Funding under Partnership for Patients is available through the Community-Based Care Transitions Program (CCTP). The goals of the CCTP are: to reduce hospital readmissions, test sustainable funding streams for care transition services, maintain or improve quality of care, and document measureable savings to the Medicare program.
Community-Based Care Transition Program Participant Summaries
The “Money Follows the Person” Rebalancing Demonstration Program (MFP) helps States rebalance their long-term care systems to transition people with Medicaid from institutions to the community. The program helps to ensure safe and successful care transitions by facilitating access to home and community-based services and ensuring the quality of such services.
Money Follows the Person Technical Assistance
Health homes are a conduit to lowering health care costs, increasing quality, reducing health disparities, achieving better outcomes, lowering utilization rates, improving compliance with recommended care, and coordinating a spectrum of medical and social services required by the individual across the lifespan.
Medicaid Health Homes Technical Assistance
ACOs give coordinated high quality care to the Medicare patients they serve. Coordinated care helps ensure that patients, especially the chronically ill, get the right care at the right time, with the goal of avoiding unnecessary duplication of services and preventing medical errors.
The goal of the Beacon Community Program is to show how health IT tools and resources can contribute to communities’ efforts to make breakthrough advancements in health care quality, safety, efficiency, and in public health at the community level and to demonstrate that these gains are sustainable and replicable.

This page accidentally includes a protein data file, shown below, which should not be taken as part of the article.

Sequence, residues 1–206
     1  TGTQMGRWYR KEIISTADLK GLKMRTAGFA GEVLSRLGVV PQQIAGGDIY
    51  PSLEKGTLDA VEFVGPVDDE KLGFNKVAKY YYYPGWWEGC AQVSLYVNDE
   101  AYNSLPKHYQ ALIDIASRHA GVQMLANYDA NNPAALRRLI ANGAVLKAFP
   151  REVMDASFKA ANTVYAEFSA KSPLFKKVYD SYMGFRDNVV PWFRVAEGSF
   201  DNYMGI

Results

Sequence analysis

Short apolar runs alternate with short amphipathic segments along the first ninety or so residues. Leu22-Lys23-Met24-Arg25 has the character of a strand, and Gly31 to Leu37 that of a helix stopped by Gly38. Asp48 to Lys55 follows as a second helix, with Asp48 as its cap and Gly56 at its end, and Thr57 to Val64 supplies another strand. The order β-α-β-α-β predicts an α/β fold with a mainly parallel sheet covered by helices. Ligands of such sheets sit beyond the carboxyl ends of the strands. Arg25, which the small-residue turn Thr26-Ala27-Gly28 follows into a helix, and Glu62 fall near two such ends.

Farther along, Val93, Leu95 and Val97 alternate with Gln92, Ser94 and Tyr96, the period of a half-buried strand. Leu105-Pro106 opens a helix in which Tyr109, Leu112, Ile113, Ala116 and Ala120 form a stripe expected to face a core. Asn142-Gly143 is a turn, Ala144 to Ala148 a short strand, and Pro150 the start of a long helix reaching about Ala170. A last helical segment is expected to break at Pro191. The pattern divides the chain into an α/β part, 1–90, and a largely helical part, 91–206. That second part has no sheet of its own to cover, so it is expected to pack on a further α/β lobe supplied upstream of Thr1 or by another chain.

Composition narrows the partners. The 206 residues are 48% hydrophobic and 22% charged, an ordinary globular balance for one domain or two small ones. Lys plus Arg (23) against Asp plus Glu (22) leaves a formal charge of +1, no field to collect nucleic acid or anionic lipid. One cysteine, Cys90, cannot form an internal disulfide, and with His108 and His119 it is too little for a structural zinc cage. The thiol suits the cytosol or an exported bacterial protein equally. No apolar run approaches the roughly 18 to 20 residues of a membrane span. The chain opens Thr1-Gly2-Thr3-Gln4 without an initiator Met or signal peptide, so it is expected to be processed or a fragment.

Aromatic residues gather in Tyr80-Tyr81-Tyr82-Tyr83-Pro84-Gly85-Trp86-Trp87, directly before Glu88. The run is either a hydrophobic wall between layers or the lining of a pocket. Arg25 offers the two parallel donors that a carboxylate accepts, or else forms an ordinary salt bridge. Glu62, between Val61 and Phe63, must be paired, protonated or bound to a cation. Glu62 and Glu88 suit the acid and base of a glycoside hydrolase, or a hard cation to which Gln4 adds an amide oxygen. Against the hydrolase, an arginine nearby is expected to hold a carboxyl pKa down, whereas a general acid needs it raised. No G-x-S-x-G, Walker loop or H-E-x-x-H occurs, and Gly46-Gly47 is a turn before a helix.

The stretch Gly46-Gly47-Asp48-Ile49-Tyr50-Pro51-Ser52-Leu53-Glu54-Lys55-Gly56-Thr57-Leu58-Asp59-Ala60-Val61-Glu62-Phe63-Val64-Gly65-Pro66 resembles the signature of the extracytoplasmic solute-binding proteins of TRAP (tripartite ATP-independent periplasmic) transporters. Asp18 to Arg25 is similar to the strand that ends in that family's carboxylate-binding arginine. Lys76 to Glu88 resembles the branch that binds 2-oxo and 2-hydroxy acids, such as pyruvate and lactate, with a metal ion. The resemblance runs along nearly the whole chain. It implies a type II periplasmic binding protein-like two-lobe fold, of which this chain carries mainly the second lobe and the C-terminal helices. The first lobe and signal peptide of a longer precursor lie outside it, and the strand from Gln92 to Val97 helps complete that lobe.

Beacon Community Program Technical Assistance
Through this initiative, CMS will partner with eligible, independent, non-nursing facility organizations (referred to as "enhanced care & coordination providers") to implement evidence-based interventions that reduce avoidable hospitalizations. Nursing facility residents are especially vulnerable to the risks that accompany hospital stays and transitions between nursing facilities and hospitals. Eligible organizations can include Area Agencies on Aging, Aging and Disability Resource Centers, Centers for Independent Living, care management organizations, and other entities.
QIOs work with patients, providers and practitioners across organizational, cultural and geographic boundaries to spread rapid, large-scale change. The work that QIOs perform spans every setting in which health care is delivered, even the critical transitions between those settings. The Program focuses on three aims: better patient care, better individual and population health, and low health care costs through improvement. In order to accomplish these goals, QIOs collaborate with beneficiaries, patient advocacy groups, patient safety organizations, and local communities, among others.
The National Coordinating Center (NCC) for the Integrating Care for Populations and Communities Aim (ICPCA) Care Transitions Toolkit
The NCC assists Medicare Quality Improvement Organizations (QIOs) to promote seamless transitions between health care settings and provides resources for communities who are developing local care transitions programs.
Find a Local Quality Improvement Organization (QIO)
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More Resources on Care Transitions
AoA’s Health Reform Page
AHRQ Care Coordination Measures Atlas
AHRQ’s new Care Coordination Measures Atlas lists existing measures of care coordination, with a focus on ambulatory care, and presents a framework for understanding care coordination measurement. The Atlas is useful for evaluators of projects aimed at improving care coordination and for quality improvement practitioners and researchers studying care coordination.
Better Outcomes for Older adults through Safe Transitions (BOOST)
Care Transitions InterventionSM
Transitional Care Model
AHRQ Health Care Innovations Exchange
The Innovations Exchange helps you solve problems, improve health care quality, and reduce disparities.
CMS Chronic Conditions Among Medicare Beneficiaries Chart Book
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Last Modified: 12/31/1600